Two weeks ago we ran out of acorns to feed Emma and Ronnie deer. FD and I had been picking acorns since September. The first acorns were picked from oaks on our own property, but grass growing beneath the trees made it almost impossible to search around on the ground for fallen acorns. Picking them from higher up in the trees had meant me climbing on top of the buggy in order to reach them. When we ran out of nuts from our own trees, a co-worker from FD’s work let us pick from oak trees on his property. And again, the tall grasses left us picking from high up in the trees, and it was getting more difficult to find acorns still in the cupule’s or little caps. Most acorns had dropped to the ground by October. When that supply of acorns ran out, a man in town who had heard of our plight offered to bring us acorns raked up from his front yard. But we quickly found Emma and Ronnie were not much interested in those nuts. I wondered if the good ones had been culled out by squirrels, and the discards left to rot. I had read that, unless one was out early competing with squirrels for nuts, what was left on the ground was probably wormy. Of course there could have been other reasons, and maybe the deer sensed something amiss. So instead of good eats, Emma and Ronnie had piles of discards in their pen that I eventually raked up and hauled off to the woods.
And it wasn’t simply a matter of picking acorns all of this time. It did not take too long to realize that once picked, the acorns needed to be spread out to dry or they would mold in the buckets. I had no intention of letting my hard-sought acorns spoil. I had three drying trays to hold about five gallons of acorns which was perfect as there was plenty of room on the front and back porches for drying. Unfortunately, I had not considered that Buddy and Punkin, the orphaned squirrels we had raised, and all of their neighborhood friends would steal them from the porches. So, we shoved the dining table and chairs against the wall, allowing floor room in the dining area to spread out the acorn cache in the drying trays, and got an oscillating fan going. I was feeling pretty good about this setup, until a couple of days later I began finding white grub-type larvae crawling all over the floors, and our little dog Bear was eating them! I researched these maggot-like larvae and found them to be acorn weevils. They are harmless, but I did not want them wiggling into my carpets or being squished all over the tile, and though I am sure they were a wonderful source of protein, I did not like the idea of Bear eating them. The only place remaining to put the acorns was out in the storage building, which would not be as handy as having them at the house. But it was a good decision – I was aghast the next morning when I opened the storage building. Hundreds of white larvae were crawling from the trays. Now I wondered how many probably did get into the rugs and carpeting in the house before we moved the trays!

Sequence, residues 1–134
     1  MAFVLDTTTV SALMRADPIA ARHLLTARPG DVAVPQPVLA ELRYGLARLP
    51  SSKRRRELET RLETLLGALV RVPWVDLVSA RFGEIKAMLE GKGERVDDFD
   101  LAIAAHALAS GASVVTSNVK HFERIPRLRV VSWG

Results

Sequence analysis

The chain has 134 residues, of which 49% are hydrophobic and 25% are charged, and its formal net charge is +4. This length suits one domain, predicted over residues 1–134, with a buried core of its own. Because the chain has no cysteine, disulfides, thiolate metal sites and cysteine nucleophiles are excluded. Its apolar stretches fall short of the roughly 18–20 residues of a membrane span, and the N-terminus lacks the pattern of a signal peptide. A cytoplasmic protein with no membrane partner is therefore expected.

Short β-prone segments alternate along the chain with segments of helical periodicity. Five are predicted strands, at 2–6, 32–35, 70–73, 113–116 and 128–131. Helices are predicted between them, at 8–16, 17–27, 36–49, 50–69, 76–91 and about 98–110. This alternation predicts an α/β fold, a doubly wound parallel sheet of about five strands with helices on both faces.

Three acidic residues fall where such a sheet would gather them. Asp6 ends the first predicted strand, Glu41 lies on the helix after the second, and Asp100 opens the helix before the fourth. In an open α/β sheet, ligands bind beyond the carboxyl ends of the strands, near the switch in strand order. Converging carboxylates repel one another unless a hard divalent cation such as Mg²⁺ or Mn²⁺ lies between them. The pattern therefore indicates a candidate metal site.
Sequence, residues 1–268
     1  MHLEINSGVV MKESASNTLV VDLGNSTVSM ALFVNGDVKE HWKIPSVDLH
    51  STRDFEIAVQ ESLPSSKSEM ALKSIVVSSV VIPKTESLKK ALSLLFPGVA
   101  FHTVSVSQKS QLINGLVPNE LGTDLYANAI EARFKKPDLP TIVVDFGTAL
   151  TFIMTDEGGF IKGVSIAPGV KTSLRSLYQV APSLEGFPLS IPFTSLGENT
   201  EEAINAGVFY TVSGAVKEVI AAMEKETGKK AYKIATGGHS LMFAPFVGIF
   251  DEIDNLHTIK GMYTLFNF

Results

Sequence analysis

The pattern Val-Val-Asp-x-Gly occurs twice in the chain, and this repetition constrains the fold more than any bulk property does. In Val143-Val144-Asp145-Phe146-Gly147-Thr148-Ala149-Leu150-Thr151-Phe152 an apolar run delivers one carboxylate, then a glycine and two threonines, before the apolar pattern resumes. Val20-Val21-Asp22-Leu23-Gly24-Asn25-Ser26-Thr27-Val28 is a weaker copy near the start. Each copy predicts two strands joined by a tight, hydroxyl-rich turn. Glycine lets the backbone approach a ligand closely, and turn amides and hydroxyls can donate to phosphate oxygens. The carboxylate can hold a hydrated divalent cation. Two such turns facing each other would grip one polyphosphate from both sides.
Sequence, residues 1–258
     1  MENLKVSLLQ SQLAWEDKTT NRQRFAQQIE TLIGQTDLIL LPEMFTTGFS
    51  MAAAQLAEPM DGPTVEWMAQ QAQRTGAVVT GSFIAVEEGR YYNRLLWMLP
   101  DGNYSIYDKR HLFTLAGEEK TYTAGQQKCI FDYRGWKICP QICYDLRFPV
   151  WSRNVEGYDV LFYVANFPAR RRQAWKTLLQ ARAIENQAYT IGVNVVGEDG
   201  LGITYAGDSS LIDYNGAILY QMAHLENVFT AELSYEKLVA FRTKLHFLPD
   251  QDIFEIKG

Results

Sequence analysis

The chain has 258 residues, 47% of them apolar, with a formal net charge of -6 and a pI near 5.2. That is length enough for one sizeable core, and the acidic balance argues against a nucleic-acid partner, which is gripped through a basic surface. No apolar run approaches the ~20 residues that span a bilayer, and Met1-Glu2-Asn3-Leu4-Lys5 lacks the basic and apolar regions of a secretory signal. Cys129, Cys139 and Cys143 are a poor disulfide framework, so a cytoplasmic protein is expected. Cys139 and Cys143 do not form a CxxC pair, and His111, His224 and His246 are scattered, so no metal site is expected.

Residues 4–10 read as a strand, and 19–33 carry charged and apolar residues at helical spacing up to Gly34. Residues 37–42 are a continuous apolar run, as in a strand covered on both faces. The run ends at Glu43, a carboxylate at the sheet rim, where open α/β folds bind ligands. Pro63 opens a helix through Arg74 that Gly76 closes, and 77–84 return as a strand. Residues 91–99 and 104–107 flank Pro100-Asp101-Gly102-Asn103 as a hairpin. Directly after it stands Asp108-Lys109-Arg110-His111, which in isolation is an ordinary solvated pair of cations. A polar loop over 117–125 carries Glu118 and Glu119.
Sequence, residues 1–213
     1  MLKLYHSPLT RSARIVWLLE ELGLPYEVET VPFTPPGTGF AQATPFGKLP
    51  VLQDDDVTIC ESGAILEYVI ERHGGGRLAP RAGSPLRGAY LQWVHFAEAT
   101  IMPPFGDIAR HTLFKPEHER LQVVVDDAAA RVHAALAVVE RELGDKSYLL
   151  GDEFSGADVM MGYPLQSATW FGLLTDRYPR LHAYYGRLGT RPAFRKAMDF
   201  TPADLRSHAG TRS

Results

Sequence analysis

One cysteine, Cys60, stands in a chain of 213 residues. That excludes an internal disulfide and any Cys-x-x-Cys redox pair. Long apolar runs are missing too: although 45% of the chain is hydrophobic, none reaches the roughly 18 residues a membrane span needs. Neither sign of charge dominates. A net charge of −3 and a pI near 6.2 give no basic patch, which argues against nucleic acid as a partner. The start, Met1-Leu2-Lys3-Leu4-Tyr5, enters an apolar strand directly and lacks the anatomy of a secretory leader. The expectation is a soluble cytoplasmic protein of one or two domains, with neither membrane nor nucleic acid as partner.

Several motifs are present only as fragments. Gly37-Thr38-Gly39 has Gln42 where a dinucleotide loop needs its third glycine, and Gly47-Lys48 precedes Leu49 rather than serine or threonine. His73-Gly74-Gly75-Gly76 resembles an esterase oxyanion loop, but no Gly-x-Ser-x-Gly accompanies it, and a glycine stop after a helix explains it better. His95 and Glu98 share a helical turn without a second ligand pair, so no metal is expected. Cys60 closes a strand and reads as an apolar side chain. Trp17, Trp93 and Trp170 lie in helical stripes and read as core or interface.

So after a dry spell with no acorns for Emma and Ronnie, I was quite elated last week when FD asked if I wanted to pick acorns on a friend’s property just a few miles out of town. He informed me we could visit this place over the autumn and winter months to gather acorns as we needed them. And best of all, the ground beneath was dirt covered by fallen leaves. It would be easy to brush leaves around and harvest the acorns laying scattered about. I laughed to myself as I crawled around on my hands and knees that afternoon, picking up acorns that had fallen to the ground. I felt a bit like Sam Gribley, in “My Side of the Mountain” by Jean Craighead George. Sam was a young boy who ran away from home to the Catskill Mountains, to live off of the land, make a home, and survive by wits and research from books. In gathering food for winter, Sam picked acorns to grind into flour for making acorn pancakes and for thickening hearty stews. With FD and I following a somewhat Paleo lifestyle, the idea of using acorn nut flour appealed to me but I had long ago researched the process of transforming acorns into flour, and the work involved did not interest me in the least. Of course in the book the author does not bother to go into detail about the tedious process. I found myself wondering if Sam Gribley would seriously have gone to so much trouble for a wee bit of flour?
I will be crawling around on the ground harvesting acorns for another seven weeks until we release Emma and Ronnie into the wild. Soon there will be no elm branches to cut or cat brier to harvest. The tender grasses and woodland plants will be dying back as the colder temperatures set in. I have been happy to do my part as a deer mother to provide the nutrition a deer mother in the wild would lead her offspring to – the plants and browse I observed Daisy deer eating and leading her babies to nibble. But I wonder if in the weeks and months down the road I will miss my days foraging and gathering plants and browse? Will I yearn to sit under the great oak trees gathering acorns? Could I ever grow curious enough to discover why the deer find those crunchy nuts so irresistible? Just maybe I will take the time someday to pick a bucket of acorns and go through the process to grind a bit of acorn flour and make some of Sam Gribley’s acorn pancakes.
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